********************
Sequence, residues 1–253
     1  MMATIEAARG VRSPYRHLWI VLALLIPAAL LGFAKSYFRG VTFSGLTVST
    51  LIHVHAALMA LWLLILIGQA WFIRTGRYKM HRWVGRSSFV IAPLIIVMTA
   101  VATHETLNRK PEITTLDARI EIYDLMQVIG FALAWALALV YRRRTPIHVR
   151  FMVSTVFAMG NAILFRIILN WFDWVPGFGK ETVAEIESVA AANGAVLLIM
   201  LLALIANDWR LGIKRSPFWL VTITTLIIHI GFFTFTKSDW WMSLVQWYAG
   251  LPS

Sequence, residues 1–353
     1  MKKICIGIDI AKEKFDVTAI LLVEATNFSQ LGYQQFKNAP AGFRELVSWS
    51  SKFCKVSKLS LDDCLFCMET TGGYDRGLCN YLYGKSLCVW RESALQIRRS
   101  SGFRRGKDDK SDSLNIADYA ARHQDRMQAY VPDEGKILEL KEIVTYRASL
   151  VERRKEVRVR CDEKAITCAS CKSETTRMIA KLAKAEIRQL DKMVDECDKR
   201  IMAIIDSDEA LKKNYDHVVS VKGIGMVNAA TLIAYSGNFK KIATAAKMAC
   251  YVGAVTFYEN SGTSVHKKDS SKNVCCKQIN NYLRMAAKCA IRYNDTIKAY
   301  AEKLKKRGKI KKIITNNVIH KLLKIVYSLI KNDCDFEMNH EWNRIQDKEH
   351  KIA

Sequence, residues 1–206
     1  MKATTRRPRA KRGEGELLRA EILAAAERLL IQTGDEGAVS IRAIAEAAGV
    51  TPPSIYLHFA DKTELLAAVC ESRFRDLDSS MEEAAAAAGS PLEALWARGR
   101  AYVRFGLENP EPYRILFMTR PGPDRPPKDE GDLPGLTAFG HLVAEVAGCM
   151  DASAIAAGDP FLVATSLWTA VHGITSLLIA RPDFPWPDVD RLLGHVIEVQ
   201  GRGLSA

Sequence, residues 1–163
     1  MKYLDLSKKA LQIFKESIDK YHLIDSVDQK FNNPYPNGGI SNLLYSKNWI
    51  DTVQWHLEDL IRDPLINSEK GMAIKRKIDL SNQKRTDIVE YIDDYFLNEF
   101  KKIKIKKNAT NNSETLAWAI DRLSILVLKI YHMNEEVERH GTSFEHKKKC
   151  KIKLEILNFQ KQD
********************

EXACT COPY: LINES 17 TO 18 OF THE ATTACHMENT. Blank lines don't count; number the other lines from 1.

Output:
Sequence, residues 1–206
     1  MKATTRRPRA KRGEGELLRA EILAAAERLL IQTGDEGAVS IRAIAEAAGV